Michael Pope (left) and Joe Nuccio particpate in the "MegaTrends" session during 2013's ESA Leadership Summit.
I had the good fortune to be able to again attend the Electronic Security Association (ESA) Leadership Summit, this year in Orlando, Fla., Feb. 18-22. It is always an outstanding event with lots of terrific educational sessions, meetings, presentations, and networking with many of the industry’s most successful installing and monitoring company owners and operators. What follows here are select highlights so those who were not able to attend may benefit from the viewpoints and knowledge that was shared among the 300 or so conference attendees.
“Finding Your Place in the Residential Interactive Services Market”
Pat Egan, president of Lancaster, Pa.-based Select Security, is fully embracing selling these kinds of services, saying his company put around 1,300 interactive systems online in 2012. “It’s a better customer. They touch the system more and pay more RMR [recurring monthly revenue],” he said. Egan also dismissed the perceived threat of telephone and cable companies that have entered the market taking this business away from security providers. “Forcing bundled services onto people is not cool. Customers want things when they want them and bundling does not for that. The phone and cable companies come and go, but they are easy to outsell. Sure, they will get some business but they sell to the lower-end, high attrition customer,” he said.
“A lot of people don’t want a utility doing security,” agreed Michael Pope, president of Middleburg Heights, Ohio-based Safety Technologies Inc. (STI). “There has never been a better time for this market, boosted by all the advertising the large companies are now doing, all the apps out there and just the high awareness everywhere,” he said. Pope also talked about what a breath of fresh air interactive services are after the hard times of 2011. He said it is time for a new paradigm with the lessons learned from those challenging economics and the imperative to be innovative, saying his new company motto is, “It it’s not broken, break it.” Pope said the appeal of interactive services help consumers see past the price because they are relevant. “Things like thermal control make sense to customers. And anyone can afford interactive services now; it’s no longer just for the well off,” he said.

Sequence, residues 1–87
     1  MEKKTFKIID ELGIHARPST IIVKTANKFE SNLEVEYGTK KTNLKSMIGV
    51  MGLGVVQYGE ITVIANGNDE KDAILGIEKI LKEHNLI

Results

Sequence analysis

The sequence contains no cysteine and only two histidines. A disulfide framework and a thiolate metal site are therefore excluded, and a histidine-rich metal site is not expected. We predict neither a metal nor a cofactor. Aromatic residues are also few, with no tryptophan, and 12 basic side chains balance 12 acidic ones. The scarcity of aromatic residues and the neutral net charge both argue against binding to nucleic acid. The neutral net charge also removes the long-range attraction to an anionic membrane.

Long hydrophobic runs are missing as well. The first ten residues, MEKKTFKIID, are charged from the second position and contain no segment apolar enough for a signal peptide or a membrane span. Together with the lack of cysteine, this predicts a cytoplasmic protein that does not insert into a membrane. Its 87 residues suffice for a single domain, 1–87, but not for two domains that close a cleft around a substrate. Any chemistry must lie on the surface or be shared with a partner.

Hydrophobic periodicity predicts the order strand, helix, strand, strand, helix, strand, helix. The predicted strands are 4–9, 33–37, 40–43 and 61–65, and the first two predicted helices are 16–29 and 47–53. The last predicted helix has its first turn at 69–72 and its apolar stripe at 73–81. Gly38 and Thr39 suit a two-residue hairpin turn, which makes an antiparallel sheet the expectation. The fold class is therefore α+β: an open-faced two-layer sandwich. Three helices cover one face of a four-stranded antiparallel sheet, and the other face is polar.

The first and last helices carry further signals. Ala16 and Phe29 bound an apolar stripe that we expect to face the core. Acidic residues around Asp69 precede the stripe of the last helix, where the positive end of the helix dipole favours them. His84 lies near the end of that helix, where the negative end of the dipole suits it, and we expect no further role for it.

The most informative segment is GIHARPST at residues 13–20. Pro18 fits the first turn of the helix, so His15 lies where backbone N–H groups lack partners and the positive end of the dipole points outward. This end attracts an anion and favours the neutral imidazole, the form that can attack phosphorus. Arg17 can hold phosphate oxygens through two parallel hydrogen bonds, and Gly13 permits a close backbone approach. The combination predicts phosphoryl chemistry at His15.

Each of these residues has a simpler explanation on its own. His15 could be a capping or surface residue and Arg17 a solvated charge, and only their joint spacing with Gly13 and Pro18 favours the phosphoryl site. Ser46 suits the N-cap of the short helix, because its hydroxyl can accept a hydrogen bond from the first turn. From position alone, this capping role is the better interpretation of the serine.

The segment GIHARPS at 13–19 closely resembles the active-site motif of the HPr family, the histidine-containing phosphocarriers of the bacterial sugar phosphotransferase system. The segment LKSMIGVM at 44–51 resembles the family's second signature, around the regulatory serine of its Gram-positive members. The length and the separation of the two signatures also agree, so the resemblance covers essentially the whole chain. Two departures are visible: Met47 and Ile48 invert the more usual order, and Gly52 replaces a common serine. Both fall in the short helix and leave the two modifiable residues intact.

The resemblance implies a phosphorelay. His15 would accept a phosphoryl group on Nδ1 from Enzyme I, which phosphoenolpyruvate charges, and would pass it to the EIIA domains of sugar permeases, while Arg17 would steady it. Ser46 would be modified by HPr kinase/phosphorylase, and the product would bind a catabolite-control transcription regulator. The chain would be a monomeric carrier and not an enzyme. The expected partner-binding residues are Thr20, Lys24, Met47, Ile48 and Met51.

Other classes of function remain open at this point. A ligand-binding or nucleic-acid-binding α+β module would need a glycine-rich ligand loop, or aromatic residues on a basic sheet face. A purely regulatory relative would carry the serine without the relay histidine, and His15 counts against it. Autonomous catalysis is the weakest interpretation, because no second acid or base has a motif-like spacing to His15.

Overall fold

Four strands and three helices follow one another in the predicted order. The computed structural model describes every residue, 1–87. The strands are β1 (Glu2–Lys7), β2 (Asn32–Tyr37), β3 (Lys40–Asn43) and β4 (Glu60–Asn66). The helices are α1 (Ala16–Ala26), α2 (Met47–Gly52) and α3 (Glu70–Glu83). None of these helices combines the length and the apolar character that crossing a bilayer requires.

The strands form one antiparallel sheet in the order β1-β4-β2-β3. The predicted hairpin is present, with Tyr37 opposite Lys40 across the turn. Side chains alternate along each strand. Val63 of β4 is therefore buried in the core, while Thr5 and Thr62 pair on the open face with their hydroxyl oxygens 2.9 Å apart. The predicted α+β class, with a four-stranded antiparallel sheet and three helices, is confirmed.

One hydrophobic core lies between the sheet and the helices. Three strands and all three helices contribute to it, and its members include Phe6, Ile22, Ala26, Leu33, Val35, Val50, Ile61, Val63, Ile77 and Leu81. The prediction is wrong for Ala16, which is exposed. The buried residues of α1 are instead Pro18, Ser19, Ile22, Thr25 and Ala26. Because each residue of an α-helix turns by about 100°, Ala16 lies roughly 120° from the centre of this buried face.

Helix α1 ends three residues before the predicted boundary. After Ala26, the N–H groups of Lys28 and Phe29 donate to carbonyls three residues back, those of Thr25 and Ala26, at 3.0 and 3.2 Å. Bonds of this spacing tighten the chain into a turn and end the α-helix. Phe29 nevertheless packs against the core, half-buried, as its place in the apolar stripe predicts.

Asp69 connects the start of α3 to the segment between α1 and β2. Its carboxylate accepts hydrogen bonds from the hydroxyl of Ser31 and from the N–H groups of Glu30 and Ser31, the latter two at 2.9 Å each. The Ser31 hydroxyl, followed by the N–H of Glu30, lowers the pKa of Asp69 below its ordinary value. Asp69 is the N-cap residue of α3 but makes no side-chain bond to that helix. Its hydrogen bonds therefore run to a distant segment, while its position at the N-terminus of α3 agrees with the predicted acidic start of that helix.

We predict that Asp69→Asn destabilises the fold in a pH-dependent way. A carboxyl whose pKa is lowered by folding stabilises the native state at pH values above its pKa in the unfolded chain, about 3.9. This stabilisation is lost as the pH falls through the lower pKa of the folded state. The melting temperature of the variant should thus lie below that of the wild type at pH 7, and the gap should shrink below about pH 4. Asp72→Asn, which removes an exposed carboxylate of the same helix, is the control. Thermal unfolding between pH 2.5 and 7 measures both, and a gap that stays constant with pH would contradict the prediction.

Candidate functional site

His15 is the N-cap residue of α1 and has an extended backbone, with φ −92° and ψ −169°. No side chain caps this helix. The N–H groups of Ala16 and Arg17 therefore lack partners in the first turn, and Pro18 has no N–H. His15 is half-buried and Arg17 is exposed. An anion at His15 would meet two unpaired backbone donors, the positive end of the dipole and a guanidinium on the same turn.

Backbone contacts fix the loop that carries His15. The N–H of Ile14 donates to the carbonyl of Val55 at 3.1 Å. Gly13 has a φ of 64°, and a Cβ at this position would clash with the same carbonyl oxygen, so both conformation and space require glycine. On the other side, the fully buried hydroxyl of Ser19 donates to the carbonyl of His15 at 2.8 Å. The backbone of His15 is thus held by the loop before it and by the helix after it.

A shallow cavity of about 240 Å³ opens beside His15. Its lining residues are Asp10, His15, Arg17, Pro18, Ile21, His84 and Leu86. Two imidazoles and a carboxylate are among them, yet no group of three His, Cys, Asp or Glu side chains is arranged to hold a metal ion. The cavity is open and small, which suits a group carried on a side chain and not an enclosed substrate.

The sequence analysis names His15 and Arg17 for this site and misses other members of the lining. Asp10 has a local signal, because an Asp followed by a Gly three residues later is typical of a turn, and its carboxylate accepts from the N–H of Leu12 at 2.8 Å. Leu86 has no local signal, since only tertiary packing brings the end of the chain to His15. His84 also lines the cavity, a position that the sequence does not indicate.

Moderator Brandon Savage, senior vice president of Customer Experience for Hollywood, Fla.-headquartered Devcon Security, pointed out the challenges of bringing personnel up to speed to enable success in residential interactive services. Salespeople, technicians and support staff all need additional training as well as a fresh perspective since it is a new model and approach to the marketplace. Egan and Pope both uniformly agreed with that assessment.
“Teaming for Success on Commercial IT Solutions”
According to a recent ESA trends survey, the percentage of security contractors’ commercial revenues attributed to IT networking solutions will go from 12% in 2010 to 39% by 2014. This session detailed how Select Security is partnering with an IT support services specialist, Guidant Partners, to offer clients outsourced network management. Nashville, Tenn.-based Guidant has positioned itself as a managed services provider (MSP) and generates $240,000 RMR from just 32 clients. Primarily targeting small to medium-sized businesses (20-100 people), the firm typically gets things started by replacing almost all existing network infrastructure. “Management tends to look at IT as being associated with problems, but this helps eliminate most potential problems,” said Guidant Partners CEO Steve Burgess. “It’s a different model in that the less work we have to do, the more money we make.” The firm is also able to provide the majority of support remotely, eliminating the cost of service vehicles. The back-office solution is aimed at SMBs they tend not to have the knowledge or understanding of IT networking nor the budget for full-time internal support staff. Burgess says the company offers multipoint solutions that allow it to maintain healthy margins and avert commoditization. Steve Firestone, executive vice president of Select Security, said the partnership is still in its early stages but believes it could lead to significant opportunities.
“Interactive Services in the Light Commercial Market”